Gutta Percha Oil Blacking Patent Forbes & Co Chatham Square New York

Provenance: Michael George Collection

Our museum example of a Gutta-Percha Oil Blacking bottle is a Stoddard glasshouse product from Stoddard, New Hampshire circa 1845 to 1860. Gutta- Percha was a new commercial product introduced to America in the early to mid 19th century.

Our museum example was blown in amber glass and has a yellow-olive overtone. The form is rectangular with four embossed indented panels and an outward rolled collared mouth. There is a tubular pontil scar. The bottle measures 5-1/8 inches tall by 2-½ inches wide by 1-½ inch deep. It is considered extremely rare and is ex Kris Kernozicky collection.

The indented and beveled primary panel of the bottle has embossed copy in four horizontal lines that read, ‘FORBES & CO’ (1st line), ‘CHATHAM’ (2nd line), ‘SQUARE’ (3rd line), and ‘NEW YORK’ (4th line). The right panel embossed copy reads ‘GUTTA PERCHA’ while the left panel embossed copy reads ‘OIL BACKING.’ The reverse side of the primary panel had a recessed arch with arched embossed copy reading ‘PATENT.’

Blacking was any preparation for producing a black coating or finish, as on shoes or stoves. It was usually a substance like a liquid polish or paste. With dirt roads, paths, mud, and rough sidewalks in the mid 19th century, you can only imagine how important waterproof blacking was to keep up your appearance.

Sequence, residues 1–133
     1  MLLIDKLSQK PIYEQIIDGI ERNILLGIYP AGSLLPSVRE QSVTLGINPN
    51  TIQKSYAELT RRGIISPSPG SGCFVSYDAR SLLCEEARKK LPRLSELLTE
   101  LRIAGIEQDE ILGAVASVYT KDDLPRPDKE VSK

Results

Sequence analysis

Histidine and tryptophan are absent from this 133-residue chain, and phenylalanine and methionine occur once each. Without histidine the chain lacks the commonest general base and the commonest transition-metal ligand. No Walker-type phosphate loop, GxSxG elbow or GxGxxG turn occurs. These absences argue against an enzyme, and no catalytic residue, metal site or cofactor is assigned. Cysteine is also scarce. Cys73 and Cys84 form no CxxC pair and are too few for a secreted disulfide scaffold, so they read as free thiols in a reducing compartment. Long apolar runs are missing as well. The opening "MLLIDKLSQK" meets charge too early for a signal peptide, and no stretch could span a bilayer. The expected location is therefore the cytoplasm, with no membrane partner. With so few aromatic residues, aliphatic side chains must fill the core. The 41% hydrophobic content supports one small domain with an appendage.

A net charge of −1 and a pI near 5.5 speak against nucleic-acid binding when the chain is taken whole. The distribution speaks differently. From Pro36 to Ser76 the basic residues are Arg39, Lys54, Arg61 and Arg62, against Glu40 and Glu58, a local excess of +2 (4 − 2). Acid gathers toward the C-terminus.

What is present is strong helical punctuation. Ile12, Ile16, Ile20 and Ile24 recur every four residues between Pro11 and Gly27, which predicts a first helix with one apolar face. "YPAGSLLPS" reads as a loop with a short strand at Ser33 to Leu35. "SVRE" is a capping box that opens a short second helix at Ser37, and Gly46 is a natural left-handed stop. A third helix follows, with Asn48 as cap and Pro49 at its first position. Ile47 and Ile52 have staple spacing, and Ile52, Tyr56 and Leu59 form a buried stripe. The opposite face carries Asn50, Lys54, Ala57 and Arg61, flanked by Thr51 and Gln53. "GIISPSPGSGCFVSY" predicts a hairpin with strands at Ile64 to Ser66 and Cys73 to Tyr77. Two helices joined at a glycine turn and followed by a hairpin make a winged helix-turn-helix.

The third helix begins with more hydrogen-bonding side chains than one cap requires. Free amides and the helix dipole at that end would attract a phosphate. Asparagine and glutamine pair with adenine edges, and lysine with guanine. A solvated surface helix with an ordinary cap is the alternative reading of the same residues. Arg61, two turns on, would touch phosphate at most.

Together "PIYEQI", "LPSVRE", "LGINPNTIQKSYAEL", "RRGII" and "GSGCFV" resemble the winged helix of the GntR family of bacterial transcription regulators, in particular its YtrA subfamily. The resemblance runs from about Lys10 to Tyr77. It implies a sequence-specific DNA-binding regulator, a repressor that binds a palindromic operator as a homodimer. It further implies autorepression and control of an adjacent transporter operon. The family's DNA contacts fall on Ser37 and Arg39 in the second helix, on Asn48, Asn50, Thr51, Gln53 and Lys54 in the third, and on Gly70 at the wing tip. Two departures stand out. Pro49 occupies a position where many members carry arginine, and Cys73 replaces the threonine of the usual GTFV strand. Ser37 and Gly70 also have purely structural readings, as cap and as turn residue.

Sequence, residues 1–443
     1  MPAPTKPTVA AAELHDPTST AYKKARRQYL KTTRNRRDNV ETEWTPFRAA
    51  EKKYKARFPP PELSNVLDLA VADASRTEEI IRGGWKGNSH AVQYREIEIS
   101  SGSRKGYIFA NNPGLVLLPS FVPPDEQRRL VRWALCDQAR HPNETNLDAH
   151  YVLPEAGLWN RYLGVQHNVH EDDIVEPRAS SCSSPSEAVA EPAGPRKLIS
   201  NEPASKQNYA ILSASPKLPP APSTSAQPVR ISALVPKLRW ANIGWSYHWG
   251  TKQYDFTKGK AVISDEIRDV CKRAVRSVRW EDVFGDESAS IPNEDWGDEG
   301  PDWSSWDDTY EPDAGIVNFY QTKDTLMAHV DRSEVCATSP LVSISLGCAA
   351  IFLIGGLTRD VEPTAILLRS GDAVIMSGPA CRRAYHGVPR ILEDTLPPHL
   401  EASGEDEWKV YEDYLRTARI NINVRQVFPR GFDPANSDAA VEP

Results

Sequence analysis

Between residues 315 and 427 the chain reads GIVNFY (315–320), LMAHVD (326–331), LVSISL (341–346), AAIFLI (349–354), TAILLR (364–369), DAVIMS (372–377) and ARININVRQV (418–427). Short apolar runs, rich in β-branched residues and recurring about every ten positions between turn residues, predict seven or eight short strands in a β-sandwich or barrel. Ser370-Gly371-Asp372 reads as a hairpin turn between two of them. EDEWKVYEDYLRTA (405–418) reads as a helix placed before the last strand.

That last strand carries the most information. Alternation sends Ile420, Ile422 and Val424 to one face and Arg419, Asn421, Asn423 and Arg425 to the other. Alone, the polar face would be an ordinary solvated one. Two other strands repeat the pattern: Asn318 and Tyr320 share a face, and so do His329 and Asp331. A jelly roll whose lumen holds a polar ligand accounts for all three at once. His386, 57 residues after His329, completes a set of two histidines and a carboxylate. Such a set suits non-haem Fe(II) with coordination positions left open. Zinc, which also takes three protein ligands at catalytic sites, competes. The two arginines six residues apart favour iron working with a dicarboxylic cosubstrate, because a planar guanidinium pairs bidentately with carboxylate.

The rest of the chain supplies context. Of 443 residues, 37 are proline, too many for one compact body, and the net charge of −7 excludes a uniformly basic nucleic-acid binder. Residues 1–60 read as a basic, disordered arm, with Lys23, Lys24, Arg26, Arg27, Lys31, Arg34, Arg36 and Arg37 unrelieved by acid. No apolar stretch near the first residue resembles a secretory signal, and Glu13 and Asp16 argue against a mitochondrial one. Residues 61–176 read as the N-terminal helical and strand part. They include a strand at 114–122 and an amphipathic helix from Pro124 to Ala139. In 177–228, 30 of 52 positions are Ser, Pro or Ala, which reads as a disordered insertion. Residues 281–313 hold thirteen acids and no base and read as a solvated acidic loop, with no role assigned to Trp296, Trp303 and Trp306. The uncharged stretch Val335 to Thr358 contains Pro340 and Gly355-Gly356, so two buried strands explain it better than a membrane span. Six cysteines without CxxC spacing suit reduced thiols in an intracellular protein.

Known for its latex, Gutta-Percha or Palaquium Gutta is a tree found in Sumatra, Malaysia, Singapore, and Borneo. It grows up to 20 to 100 feet tall and up to 3 feet in trunk diameter. The tree bark is cracked and reddish-brown with evergreen leaves. Scientifically classified in 1843, it was found to be a useful natural thermoplastic.

During the mid to second half of the 19th century, Gutta-Percha was used for many domestic and industrial purposes and it became a household word. In particular, it was used as insulation for underwater telegraph cables. Even long before Gutta-Percha was introduced into the Western world, it was used in a less processed form by the natives of the Malaysian archipelago for making knife handles, walking sticks, and other purposes. The first European to discover this material was John Tradescant, who collected it in the far east in 1656. He named this material “Mazer wood.” Dr. William Montgomerie, a medical officer in the Indian service, introduced Gutta-Percha into practical use in the West. He was the first to appreciate the potential of this material in medicine, and he was awarded the gold medal by the Royal Society of Arts, London in 1843.

In the 1840s and 1850s, in New York City newspapers and elsewhere, there were many advertisements for India Rubber and Gutta-Percha from shoe and boot dealers focusing on blacking, shoe soles, shanks, and ladies and gentlemans’ overshoes or “rubbers” as we used to call them. On a broader scale, Guttta-Percha was being used for life preservers, air cushions, coats and cloaks, storm caps, travel bags, carriage cloth, ladies aprons, bathing mats, tobacco wallets, water pails, hospital sheeting, etc.

Forbes & Co.